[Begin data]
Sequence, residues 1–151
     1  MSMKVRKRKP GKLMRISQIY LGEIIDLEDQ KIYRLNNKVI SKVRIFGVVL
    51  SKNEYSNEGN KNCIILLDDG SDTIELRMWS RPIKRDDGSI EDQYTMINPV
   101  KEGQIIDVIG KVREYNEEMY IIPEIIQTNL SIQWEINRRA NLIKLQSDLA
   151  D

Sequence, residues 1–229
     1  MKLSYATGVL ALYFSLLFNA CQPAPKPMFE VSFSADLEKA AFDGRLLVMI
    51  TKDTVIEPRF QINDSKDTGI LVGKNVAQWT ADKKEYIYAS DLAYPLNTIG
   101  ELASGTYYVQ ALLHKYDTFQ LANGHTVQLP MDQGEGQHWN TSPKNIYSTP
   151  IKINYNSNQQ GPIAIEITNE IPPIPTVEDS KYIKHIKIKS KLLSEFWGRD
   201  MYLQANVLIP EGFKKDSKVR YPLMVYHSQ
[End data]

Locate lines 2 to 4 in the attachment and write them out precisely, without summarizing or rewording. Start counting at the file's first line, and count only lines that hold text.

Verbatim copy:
     1  MSMKVRKRKP GKLMRISQIY LGEIIDLEDQ KIYRLNNKVI SKVRIFGVVL
    51  SKNEYSNEGN KNCIILLDDG SDTIELRMWS RPIKRDDGSI EDQYTMINPV
   101  KEGQIIDVIG KVREYNEEMY IIPEIIQTNL SIQWEINRRA NLIKLQSDLA